The real glaring failures feed the woodstove. Those with “promise” decorate the house. They are imperfect prototypes of things that I later mastered. Some examples are the curves on the little dolphin that are just a bit too chunky or the lovely portrait of the 1900-era trawler not designed with enough negative space for framing.

The prototype combs below are good examples. I set out to make some wooden combs only to discover that lots of the information available were “nuanced.” Some information was not given, some didn’t work for what I wanted, and some were bad when I tried to use it. So after research, I had to take the good information and my insights together and create some prototypes.

Prototypes are not finished products. They are functional but imperfect. Lots still need to be worked out. They say, “OK, it can be done.” Then the tough work of making it pretty and functional starts.

With regard to the combs, some things that needed working out were the wood species, grain orientation, the thickness of the comb along the spine, and the thickness of the teeth. Combs are available in various exotic kinds of wood, and some I have on stock from when I carved quarter boards and transoms for boats in teak and mahogany. But sustainability and material costs are significant issues for me. And I frequently need to apprise customers about how sustainable the products are. Luckily the species I use are both local and sustainable in New England. So my initial choices are cherry and maple. They have the strength and beauty needed.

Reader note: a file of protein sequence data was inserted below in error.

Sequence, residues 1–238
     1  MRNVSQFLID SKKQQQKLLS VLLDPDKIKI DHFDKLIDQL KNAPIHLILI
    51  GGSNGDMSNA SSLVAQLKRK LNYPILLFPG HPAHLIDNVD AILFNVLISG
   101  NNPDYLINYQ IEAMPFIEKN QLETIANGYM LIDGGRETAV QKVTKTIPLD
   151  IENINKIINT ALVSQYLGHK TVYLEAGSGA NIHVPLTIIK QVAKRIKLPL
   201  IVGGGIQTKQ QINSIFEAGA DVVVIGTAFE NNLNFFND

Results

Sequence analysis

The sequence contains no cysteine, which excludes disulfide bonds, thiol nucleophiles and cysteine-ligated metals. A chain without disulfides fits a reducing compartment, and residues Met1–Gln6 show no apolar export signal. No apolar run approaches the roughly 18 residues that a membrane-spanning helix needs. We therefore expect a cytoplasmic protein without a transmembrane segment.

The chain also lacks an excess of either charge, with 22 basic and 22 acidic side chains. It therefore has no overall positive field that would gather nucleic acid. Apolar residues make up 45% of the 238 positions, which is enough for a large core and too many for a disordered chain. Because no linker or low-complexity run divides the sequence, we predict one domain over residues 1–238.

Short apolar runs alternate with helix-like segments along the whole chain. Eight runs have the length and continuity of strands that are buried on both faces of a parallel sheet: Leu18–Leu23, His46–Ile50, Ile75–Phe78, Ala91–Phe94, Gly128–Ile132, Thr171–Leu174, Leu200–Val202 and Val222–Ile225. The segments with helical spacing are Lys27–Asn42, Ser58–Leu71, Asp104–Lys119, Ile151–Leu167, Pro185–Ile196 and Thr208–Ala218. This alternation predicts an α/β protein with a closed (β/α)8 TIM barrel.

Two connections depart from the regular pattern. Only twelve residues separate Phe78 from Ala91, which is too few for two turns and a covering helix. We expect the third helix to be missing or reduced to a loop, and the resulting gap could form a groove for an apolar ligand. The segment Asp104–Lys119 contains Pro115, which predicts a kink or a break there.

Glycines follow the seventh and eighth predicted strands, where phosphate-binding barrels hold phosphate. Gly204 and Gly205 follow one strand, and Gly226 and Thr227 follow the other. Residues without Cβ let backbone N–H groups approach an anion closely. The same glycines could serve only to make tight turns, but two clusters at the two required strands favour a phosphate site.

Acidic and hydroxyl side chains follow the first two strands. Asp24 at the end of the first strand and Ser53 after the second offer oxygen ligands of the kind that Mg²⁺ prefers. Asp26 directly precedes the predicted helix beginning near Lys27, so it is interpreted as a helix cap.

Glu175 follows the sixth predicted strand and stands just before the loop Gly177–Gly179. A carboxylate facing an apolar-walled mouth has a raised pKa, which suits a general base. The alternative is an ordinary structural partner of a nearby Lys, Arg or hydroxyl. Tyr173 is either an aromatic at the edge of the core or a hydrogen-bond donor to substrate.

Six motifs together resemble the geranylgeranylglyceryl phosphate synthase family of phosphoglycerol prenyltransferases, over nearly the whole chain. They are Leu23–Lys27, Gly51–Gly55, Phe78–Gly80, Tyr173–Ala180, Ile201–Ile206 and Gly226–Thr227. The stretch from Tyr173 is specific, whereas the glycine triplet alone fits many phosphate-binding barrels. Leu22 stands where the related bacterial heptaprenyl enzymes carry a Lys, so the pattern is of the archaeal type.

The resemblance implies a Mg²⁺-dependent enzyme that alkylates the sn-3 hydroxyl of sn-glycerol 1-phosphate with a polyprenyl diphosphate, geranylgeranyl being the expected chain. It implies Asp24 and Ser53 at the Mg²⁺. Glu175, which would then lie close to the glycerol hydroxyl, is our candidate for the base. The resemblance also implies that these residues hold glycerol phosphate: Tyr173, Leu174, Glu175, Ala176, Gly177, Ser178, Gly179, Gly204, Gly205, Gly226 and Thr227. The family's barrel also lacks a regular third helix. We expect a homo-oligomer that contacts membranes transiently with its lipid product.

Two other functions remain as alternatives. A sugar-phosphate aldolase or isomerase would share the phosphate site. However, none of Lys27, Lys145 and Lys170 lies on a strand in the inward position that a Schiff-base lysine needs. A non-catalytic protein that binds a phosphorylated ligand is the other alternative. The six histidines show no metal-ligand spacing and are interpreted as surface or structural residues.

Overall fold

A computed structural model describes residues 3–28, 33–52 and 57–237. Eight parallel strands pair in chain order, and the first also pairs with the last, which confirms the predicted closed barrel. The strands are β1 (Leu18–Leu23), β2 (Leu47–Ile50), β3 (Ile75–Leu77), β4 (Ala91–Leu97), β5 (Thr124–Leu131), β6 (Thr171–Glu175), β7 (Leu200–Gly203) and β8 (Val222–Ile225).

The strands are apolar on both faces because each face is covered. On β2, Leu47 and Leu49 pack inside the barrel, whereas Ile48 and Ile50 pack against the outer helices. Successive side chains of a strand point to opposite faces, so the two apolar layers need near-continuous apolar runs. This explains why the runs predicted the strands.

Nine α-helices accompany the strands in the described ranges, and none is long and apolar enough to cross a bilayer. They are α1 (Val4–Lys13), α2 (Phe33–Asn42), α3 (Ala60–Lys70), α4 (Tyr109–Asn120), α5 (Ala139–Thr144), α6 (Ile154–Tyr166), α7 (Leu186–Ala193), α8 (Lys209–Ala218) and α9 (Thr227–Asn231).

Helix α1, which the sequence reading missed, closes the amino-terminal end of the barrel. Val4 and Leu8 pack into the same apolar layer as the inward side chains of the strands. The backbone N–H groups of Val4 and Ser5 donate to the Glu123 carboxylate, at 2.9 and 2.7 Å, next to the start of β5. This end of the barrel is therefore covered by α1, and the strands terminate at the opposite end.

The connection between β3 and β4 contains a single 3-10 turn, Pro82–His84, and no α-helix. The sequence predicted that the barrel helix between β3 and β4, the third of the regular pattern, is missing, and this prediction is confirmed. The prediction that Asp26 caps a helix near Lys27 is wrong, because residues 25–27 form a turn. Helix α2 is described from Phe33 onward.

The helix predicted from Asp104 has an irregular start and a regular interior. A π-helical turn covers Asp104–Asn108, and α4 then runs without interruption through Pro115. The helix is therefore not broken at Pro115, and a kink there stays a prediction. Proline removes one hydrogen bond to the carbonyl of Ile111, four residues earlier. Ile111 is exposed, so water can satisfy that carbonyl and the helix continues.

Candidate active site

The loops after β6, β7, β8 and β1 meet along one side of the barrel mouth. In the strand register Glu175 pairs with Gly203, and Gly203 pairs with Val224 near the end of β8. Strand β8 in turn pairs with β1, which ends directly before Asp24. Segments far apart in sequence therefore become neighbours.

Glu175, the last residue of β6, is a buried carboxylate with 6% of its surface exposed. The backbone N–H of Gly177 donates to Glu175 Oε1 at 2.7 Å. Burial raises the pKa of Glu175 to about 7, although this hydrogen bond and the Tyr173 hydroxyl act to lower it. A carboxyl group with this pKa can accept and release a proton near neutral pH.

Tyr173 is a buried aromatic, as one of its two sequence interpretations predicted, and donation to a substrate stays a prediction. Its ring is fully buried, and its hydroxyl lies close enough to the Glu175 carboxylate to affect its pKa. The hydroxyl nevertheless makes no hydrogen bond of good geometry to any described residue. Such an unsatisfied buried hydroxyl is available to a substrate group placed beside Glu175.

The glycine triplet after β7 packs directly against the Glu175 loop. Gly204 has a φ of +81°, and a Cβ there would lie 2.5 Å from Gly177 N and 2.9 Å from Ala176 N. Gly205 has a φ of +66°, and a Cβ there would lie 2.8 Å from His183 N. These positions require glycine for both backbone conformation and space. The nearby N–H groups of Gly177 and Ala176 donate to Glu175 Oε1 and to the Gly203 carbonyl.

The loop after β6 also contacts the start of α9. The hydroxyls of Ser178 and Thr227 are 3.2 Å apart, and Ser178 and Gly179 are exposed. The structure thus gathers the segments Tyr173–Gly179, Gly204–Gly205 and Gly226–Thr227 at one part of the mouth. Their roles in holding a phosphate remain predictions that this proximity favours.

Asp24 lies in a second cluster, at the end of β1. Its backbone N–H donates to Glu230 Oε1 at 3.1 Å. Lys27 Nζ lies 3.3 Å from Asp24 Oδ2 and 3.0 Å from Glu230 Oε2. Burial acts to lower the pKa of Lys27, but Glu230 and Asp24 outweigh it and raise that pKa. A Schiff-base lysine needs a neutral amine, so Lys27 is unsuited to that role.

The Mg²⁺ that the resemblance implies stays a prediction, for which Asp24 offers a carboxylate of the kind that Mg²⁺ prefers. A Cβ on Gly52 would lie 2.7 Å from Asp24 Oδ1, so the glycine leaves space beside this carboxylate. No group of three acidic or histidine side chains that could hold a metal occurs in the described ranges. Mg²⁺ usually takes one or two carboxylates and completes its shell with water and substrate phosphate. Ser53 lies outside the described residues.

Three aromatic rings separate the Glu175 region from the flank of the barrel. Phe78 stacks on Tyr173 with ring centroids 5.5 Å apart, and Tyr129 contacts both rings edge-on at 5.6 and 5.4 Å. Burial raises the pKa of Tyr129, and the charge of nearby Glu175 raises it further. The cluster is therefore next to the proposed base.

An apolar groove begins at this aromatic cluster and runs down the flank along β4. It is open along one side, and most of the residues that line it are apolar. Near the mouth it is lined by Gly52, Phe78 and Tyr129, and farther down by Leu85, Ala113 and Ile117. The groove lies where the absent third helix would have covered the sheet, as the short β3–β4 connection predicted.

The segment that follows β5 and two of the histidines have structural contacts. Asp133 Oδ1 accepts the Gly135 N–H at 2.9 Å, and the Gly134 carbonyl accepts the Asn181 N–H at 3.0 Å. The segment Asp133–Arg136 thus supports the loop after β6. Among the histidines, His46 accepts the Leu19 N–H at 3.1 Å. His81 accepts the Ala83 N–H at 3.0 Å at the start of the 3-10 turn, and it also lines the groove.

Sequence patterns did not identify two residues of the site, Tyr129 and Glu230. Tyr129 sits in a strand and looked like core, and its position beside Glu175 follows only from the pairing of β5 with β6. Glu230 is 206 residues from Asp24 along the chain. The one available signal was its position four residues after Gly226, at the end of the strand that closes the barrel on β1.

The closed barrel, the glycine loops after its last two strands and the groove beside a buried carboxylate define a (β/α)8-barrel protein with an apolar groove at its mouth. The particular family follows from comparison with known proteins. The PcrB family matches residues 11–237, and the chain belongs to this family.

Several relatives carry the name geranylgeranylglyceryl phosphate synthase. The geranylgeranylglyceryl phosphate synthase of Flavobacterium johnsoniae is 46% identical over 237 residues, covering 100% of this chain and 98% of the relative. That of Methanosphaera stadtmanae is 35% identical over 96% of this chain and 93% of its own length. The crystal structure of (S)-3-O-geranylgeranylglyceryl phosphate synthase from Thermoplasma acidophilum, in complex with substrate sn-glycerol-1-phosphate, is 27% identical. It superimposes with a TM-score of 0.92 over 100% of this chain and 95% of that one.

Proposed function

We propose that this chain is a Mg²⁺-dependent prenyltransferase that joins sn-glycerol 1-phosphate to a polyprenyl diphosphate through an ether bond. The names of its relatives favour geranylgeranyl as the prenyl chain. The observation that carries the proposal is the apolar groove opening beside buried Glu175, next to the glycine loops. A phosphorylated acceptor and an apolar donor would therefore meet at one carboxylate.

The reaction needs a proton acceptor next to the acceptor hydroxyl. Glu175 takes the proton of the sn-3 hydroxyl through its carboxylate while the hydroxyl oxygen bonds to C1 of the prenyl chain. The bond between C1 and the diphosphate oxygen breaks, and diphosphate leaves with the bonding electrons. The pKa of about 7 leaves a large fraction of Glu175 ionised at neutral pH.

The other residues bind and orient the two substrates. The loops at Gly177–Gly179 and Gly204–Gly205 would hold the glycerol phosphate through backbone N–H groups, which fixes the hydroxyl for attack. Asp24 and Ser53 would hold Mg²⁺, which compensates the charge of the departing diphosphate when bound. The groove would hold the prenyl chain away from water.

OK, I have the basics worked out. Now, work on making it pleasing to look at and use. Perfection does not come in a day. We work at it bit by bit.

Xenia Houdini

I don’t care what my sister said. I was not being an impulsive brat! I was merely going out for a bit of exercise. No reason for mother to shriek at me!
That hound, he dropped the dime on me, ratted me out to father. Howling at the door until they came running.
Of course, it was pleasant to watch as they ran to and fro, trying to find out how I had gotten out without their noticing. That will remain my little secret. It’s so endearing seeing them flummoxed.
I’ll have to get on father to do more shoveling. That icky white stuff is soooo messy. I know my cousins in Florida don’t have to put up with the nasty stuff!

In the meantime, I’ll warm up on the heated blanket and ponder how I can precipitate more mayhem. It’s so much fun being an evil genius,

Family Traditions

Write about a few of your favorite family traditions.

Humans have a prodigious ability to create and destroy. The very concept of culture ( big C or little c) is something that we are continuously developing and eliminating. So traditions exist as a process; we continually reshape them even as we celebrate them. I’ll have to beg the reader’s forgiveness; although I no longer work as an anthropologist, I’ll never shake the orientation.
Family traditions offer a look into the processes of development and loss. In October of 2023, I’ll initiate the 50th anniversary of the Carreras family fruitcakes. Were fruitcakes a Carreras family tradition before then? Nope. And I honestly do not remember why I settled on making fruitcakes that fall fifty years ago. But every fall since I start on the family fruitcakes – which after baking, settle in for a long rum-soaked gestation before being shipped off for family eating during Christmas.